About the collector

Barbara Palmer was a founding member of the Palmer Museum of Art Advisory Board, and a 1986 gift from James and Barbara Palmer launched the campaign that led to the creation of the current museum on the University Park campus. A Baltimore native, Barbara Raeder met James Palmer at Iowa State University. She graduated in 1946, and the Palmers married in 1948. They moved to State College in 1953. James was the president and CEO of C-Cor Electronics and Centre Video — now Comcast — for 25 years, while Barbara served on the company’s board of directors.

Because of their involvement in the telecommunications industry, the Palmers created an endowed chair for Penn State’s program in the field. Over the years, they invested in programs as diverse as the Shaver’s Creek Environmental Center, Penn State Public Broadcasting, and the Penn State Milton S. Hershey Medical Center, and their gifts to scholarships, particularly those created through the Renaissance Fund, have assisted hundreds of students. Palmer was a leader in every major University-wide fundraising effort, and she served as chair of the Women in Philanthropy committee during the “Grand Destiny” campaign.

Barbara Palmer was also a leader in the community. The first female president of the Centre County United Way, she supported numerous organizations, including the Girl Scouts, Mount Nittany Medical Center, the State Theatre and many others. This commitment to both Penn State and Centre County led to her recognition as the Renaissance Fund honoree of the year in 1984.

About the Palmer Museum of Art

The Palmer Museum of Art on Penn State University Park campus is a free-admission arts resource for the University and surrounding communities in central Pennsylvania. With a collection of 9,600 objects representing a variety of cultures and spanning centuries of art, the Palmer is the largest art museum between Pittsburgh and Philadelphia. Areas of strength include the museum’s collection of American art from the late 18th century to the present, Old Master paintings, prints and photography, ceramics and studio glass, and a growing collection of modern and contemporary art. The museum presents 10 exhibitions each year and, with 11 galleries, a print-study room, a 150-seat auditorium, and an outdoor sculpture garden, the Palmer Museum of Art is the leading cultural resource for the region.

Museum hours are 10 a.m. to 4:30 p.m Tuesday through Saturday and noon to 4 p.m. Sundays. The museum is closed Mondays and some holidays.

The Palmer receives state arts funding support through a grant from the Pennsylvania Council on the Arts, a state agency funded by the Commonwealth of Pennsylvania, and from the Central Pennsylvania Convention and Visitors Bureau.

For more information on the Palmer Museum of Art or for the calendar of upcoming events, visit palmermuseum.psu.edu.

About the new University Art Museum at Penn State

Penn State and the Palmer Museum of Art are planning to construct a brand-new University Art Museum located in The Arboretum at Penn State. With nearly twice the exhibition space of the Palmer, new classroom spaces and a teaching gallery, flexible event spaces, and on-site parking, this building would dramatically enhance the museum’s capacity to offer educational and enrichment opportunities for visitors of all ages. It would be integrated with the Arboretum, inspiring collaboration and creating a unique nexus of art, architecture, and natural beauty. And like the Palmer Museum of Art before it, it will depend upon visionary philanthropy from the Penn State community. Learn more at artmuseum.psu.edu.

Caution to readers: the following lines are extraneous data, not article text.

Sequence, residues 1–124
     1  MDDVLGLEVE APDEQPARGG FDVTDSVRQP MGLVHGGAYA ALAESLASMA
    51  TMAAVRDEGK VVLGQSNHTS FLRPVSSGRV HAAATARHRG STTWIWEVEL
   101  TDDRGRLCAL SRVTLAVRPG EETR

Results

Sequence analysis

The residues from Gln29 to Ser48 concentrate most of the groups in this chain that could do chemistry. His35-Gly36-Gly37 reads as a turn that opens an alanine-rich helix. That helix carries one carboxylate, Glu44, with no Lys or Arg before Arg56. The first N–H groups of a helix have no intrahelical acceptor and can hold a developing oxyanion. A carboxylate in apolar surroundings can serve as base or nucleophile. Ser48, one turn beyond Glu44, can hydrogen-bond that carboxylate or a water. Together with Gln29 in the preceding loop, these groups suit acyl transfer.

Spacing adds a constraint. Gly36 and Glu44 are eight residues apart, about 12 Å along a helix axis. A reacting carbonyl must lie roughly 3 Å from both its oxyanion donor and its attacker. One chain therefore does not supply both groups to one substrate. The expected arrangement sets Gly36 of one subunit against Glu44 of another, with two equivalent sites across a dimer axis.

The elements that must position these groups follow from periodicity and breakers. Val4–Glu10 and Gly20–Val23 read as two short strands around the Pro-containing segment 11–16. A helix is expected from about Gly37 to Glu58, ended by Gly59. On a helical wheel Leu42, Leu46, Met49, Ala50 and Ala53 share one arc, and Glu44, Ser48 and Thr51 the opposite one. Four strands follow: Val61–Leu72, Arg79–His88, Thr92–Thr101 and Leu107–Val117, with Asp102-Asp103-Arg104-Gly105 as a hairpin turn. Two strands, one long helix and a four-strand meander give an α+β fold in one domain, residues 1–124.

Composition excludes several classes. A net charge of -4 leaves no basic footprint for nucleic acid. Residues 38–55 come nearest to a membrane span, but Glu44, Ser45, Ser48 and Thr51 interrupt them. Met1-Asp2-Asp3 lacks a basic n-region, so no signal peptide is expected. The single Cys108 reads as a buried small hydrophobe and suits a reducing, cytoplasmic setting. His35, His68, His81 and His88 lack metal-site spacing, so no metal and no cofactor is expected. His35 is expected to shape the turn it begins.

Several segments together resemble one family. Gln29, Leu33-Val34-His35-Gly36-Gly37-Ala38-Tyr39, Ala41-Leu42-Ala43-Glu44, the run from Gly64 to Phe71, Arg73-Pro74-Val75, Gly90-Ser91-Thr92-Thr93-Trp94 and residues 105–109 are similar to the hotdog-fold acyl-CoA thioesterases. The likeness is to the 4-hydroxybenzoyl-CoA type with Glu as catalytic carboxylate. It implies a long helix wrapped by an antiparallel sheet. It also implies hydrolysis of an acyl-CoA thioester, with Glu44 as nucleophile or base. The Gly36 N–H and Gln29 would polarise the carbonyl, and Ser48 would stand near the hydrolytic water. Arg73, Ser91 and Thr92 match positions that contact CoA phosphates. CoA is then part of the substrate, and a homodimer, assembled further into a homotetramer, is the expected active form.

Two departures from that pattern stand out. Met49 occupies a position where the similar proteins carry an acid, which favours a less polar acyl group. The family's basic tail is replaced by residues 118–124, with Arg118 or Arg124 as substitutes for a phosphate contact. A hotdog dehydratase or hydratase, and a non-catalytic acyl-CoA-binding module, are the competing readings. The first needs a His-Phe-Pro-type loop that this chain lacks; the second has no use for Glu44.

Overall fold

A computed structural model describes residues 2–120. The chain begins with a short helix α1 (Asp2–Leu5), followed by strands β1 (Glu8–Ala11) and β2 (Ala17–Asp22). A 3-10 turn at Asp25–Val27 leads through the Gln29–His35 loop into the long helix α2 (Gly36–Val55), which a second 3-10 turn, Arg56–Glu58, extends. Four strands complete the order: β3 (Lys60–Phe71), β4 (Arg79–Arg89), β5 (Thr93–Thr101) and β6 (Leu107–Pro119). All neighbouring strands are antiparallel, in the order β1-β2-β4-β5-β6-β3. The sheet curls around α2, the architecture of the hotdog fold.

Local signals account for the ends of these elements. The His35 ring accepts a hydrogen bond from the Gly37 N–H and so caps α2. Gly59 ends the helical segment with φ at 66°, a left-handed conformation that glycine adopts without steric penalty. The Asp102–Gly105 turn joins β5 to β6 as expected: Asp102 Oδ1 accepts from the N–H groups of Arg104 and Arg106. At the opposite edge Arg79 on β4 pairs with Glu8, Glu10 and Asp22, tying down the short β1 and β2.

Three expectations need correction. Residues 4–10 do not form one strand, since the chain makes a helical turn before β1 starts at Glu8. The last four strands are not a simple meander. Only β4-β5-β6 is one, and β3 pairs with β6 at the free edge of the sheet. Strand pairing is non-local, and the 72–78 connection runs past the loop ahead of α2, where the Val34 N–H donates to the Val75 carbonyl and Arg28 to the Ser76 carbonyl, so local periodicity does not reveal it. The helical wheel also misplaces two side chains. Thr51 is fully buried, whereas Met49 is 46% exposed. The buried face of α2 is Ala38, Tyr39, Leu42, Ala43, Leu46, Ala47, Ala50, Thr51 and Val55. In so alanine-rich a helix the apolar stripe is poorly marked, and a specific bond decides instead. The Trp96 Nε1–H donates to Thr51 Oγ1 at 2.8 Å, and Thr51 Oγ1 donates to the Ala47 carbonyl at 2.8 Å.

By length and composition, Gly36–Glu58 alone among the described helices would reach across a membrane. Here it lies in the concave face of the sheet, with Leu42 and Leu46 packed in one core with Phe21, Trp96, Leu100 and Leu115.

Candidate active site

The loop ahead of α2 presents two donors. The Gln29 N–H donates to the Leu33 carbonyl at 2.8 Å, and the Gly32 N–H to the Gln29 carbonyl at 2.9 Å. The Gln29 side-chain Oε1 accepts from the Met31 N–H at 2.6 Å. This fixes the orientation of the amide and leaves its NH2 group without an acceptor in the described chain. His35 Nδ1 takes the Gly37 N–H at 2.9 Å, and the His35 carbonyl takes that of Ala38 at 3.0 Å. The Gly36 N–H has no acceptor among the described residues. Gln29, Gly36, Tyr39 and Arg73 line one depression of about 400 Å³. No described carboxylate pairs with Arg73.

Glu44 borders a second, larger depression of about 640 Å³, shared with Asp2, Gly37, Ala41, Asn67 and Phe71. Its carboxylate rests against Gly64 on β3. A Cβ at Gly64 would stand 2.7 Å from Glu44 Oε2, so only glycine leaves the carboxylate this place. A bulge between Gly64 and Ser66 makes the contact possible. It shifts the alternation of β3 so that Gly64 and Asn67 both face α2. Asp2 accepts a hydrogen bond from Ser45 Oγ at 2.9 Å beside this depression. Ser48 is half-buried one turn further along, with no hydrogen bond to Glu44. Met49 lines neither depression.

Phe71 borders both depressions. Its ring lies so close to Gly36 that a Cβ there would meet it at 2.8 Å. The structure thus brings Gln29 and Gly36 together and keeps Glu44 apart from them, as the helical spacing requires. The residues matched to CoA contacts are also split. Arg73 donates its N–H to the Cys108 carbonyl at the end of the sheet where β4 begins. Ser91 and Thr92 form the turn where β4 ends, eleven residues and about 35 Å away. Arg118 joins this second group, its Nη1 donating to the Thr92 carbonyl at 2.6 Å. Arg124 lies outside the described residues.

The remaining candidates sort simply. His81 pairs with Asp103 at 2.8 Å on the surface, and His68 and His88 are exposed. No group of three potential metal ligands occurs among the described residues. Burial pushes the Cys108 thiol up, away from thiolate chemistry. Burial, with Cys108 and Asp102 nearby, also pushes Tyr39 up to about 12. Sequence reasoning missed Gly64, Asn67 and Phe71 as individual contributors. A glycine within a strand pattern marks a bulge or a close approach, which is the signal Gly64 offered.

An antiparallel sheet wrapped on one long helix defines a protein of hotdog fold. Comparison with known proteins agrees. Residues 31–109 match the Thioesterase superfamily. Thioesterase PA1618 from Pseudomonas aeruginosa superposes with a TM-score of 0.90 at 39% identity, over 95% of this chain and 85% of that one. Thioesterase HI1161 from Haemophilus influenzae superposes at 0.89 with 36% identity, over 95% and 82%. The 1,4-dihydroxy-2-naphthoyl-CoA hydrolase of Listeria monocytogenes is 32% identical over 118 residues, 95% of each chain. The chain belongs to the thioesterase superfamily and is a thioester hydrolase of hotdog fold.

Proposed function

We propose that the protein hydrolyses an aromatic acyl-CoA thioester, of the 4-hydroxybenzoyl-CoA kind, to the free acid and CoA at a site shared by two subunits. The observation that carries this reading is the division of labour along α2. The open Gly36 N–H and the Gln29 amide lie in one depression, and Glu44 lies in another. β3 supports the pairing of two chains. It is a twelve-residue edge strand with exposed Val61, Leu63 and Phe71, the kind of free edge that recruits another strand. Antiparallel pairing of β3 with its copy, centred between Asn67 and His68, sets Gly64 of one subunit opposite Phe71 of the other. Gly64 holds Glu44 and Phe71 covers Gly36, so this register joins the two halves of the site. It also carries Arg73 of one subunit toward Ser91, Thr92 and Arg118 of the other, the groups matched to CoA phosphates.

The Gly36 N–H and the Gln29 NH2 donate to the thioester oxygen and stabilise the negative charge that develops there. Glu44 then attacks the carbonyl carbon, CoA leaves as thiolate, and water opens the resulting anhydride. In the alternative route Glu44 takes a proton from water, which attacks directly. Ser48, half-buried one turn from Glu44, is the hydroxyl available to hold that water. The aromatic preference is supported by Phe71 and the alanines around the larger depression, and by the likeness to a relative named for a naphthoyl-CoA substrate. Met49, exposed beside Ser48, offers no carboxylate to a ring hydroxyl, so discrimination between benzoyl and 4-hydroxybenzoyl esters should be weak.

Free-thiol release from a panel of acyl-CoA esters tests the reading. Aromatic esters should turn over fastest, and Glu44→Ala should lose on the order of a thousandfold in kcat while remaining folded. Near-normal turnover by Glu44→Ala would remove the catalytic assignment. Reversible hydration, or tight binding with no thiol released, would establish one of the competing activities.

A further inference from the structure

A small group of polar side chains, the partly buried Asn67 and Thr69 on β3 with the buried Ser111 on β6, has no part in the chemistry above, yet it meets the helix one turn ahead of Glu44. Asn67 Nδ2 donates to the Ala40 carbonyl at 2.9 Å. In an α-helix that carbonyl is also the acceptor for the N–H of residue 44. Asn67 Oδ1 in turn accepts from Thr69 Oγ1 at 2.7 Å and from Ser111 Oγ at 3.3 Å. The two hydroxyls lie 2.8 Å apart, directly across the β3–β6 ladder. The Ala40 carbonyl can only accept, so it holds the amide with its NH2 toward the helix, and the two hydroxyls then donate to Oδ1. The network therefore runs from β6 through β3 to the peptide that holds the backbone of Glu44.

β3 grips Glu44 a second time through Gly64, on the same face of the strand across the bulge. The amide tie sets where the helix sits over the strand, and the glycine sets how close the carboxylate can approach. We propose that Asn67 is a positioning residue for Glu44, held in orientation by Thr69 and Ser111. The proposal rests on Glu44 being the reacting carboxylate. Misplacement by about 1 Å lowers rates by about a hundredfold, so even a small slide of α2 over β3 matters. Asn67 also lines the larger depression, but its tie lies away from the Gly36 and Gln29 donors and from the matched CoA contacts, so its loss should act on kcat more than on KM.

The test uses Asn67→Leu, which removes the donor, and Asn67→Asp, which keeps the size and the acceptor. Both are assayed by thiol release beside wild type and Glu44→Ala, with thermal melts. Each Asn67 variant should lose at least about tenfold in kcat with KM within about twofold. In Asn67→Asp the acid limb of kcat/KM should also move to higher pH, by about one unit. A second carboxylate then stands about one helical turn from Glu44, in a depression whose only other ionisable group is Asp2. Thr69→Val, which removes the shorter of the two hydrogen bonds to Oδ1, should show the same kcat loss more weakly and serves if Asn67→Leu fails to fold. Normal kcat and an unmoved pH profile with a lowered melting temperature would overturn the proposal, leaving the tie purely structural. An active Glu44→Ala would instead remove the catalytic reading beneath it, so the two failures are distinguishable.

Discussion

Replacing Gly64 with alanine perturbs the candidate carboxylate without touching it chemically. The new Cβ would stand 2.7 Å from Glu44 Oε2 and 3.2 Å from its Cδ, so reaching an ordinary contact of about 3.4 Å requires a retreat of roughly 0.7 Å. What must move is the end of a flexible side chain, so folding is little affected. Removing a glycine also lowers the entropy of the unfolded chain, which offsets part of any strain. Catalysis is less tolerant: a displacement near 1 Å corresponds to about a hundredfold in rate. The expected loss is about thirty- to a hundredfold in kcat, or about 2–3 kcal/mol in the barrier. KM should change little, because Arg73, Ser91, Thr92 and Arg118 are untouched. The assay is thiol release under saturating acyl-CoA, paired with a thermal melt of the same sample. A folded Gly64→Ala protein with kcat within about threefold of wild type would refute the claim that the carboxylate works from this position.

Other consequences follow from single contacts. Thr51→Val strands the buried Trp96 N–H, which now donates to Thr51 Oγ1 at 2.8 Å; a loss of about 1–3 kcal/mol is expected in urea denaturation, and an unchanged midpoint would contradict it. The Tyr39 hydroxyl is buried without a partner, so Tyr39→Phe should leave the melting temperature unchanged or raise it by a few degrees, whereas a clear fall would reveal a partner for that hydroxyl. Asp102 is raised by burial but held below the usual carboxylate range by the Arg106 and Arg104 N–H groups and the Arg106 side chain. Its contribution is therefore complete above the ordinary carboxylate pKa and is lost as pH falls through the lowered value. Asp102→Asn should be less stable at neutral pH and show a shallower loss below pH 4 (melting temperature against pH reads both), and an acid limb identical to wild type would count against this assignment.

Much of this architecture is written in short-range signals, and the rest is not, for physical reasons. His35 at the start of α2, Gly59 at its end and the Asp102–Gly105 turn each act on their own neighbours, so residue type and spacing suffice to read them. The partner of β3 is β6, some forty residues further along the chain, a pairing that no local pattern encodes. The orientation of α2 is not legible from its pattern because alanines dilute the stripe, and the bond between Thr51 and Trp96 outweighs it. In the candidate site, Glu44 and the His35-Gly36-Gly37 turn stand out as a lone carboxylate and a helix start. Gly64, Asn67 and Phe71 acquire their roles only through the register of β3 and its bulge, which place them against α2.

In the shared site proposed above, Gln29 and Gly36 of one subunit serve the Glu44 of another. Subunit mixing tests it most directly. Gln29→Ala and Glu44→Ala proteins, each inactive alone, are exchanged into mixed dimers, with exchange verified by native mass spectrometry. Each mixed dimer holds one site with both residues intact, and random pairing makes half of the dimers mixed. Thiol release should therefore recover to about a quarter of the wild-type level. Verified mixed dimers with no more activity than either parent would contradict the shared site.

• Frederic Edwin Church, "Vermont Scenery," 1852

    Frederic Edwin Church, "Vermont Scenery," 1852, oil on canvas, 18 x 26 1/8 inches. Bequest of James R. and Barbara R. Palmer. 

    IMAGE: Frederic Edwin Church
  • Martin Johnson Heade, "The White Rose," c. 1874–80

    Martin Johnson Heade, "The White Rose," c. 1874–80, oil on artist’s board, 11 7/8 x 9 7/8 inches. Bequest of James R. and Barbara R. Palmer. 

    IMAGE: Martin Johnson Heade
  • Thomas Anshutz, "A Challenge (Portrait of Rebecca H. Whelen)", c. 1907

    Thomas Anshutz, "A Challenge (Portrait of Rebecca H. Whelen)," c. 1907, pastel on canvas, 30 x 24 inches. Bequest of James R. and Barbara R. Palmer.

    IMAGE: Thomas Anshutz
  • Thomas Hart Benton, "Shallow Creek," 1938–39

    Thomas Hart Benton, "Shallow Creek," 1938–39, oil and egg tempera on canvas mounted to board, 36 x 25 inches. Bequest of James R. and Barbara R. Palmer.

    IMAGE: © 2019 T.H. and R.P. Benton Testamentary Trusts / UMB Bank Trustee / Licensed by VAGA at Artist Rights Society (ARS), New York
  • Romare Bearden, "Untitled (Mother and Child)," 1969

    Romare Bearden, "Untitled (Mother and Child)," 1969, collage on board, 13 5/16 x 9 13/16 inches. Bequest of James R. and Barbara R. Palmer.

    IMAGE: © 2019 Romare Bearden Foundation / Licensed by VAGA at Artist Rights Society (ARS), New York
  • Jacob Lawrence, "Confrontation at the Bridge," 1975

    Jacob Lawrence, "Confrontation at the Bridge," 1975, gouache on paper, 22 1/2 x 30 1/8 inches. Bequest of James R. and Barbara R. Palmer.

    IMAGE: © 2019 The Jacob and Gwendolyn Knight Lawrence Foundation, Seattle / Artist Rights Society (ARS), New York
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Last Updated September 11, 2019